ChickenBones: A Journal

for Literary & Artistic African-American Themes

   

 

 

Home   ChickenBones Store (Books, DVDs, Music, and more)  

Google
 

One race has not accomplished any more than any other race, for God

could not be just and at the same time make one race the inferior of the other

 

 

Books By Carter G. Woodson Books

The Education of the Negro Prior to 1861 / The Negro in Our History  / A Century of Negro Migration  . The Miseducation of the Negro

The Story of the Negro Retold (1959) / The History of the Negro Church (1990) African Myths Together with Proverbs (1928)

The African Background Outlined (1969)  /  Negro Orators and Their Orations (1925)  African Heros and Heroines (1944)

Mind of the Negro as Reflected in Letters, 1800-1860 (1991)  / Free Negro Owners of Slaves in 1830 (1969)

*   *   *   *   *

Bio-Sketch

CARTER GODWIN WOODSON (b. Dec. 19, 1875, New Canton, Va., U.S.--d. April 3, 1950, Washington, D.C.). Born of a poor family, James Henry and Ann Eliza Woodsonformer slaves and later sharecroppers, Woodson worked in the coal mines of Kentucky. As a result he did not enroll in Douglass High school until he was nineteen years old. After graduation and several semesters at Berea College and a teaching assignment in Winona, West Virginia, he returned to Douglass High School, four years after his graduation, as principal.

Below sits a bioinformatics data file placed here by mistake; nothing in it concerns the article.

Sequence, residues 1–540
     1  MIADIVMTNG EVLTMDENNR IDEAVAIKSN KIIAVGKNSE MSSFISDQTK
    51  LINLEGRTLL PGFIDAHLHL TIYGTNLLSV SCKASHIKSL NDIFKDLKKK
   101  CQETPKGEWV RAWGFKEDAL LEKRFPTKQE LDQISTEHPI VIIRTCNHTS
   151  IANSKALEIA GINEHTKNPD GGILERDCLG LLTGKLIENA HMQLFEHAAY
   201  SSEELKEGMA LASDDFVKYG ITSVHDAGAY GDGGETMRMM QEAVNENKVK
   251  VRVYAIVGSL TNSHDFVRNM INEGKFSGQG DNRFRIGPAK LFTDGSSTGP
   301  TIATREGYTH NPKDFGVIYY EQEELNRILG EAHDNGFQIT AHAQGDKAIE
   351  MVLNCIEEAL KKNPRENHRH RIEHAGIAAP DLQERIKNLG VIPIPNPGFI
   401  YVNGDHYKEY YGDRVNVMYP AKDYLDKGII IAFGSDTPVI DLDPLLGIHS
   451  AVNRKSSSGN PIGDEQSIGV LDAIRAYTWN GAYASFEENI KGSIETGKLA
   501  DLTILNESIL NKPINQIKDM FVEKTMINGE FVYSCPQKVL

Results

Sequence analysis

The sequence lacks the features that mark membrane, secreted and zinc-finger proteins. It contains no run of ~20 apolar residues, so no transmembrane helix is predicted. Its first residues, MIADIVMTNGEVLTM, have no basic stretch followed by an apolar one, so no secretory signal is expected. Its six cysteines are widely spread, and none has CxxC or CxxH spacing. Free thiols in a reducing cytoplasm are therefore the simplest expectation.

Leaving Berea College, Woodson received his bachelor's and master's degrees from the University of Chicago and in 1912 received a Ph.D in philosophy from Harvard University. The second to do so after W.E.B. Du Bois.  Carter G. Woodson's office Responds to Christian

*   *   *   *   *

A Carter G. Woodson Bibliography

Books

Carter G. Woodson: A Bio-Bibliography, Jacqueline Goggin. Louisiana State University Press, reprint edition, 1997.

Carter G. Woodson: Father of African-American History, Robert Franklin Durden. Enslow Publishers, 1998.

Carter G. Woodson: The Father of Black History, Patricia McKissick, Ned Ostendorf, and Fredrick L. McKissack. Enslow Publishers, 1991.

Carter G. Woodson: A Life in Black History, Sister Anthony Scally. Greenwood Publishing Group, 1985.

A Century of Negro Migration, Carter G. Woodson. Reprint Services Corp., 1991.

Mind of the Negro As Reflected in Letters Written During the Crisis 1800-1860, Carter G. Woodson. Reprint Services Corp., 1991.

Mis-Education of the Negro, Carter G. Woodson. Red Sea Press, 1990.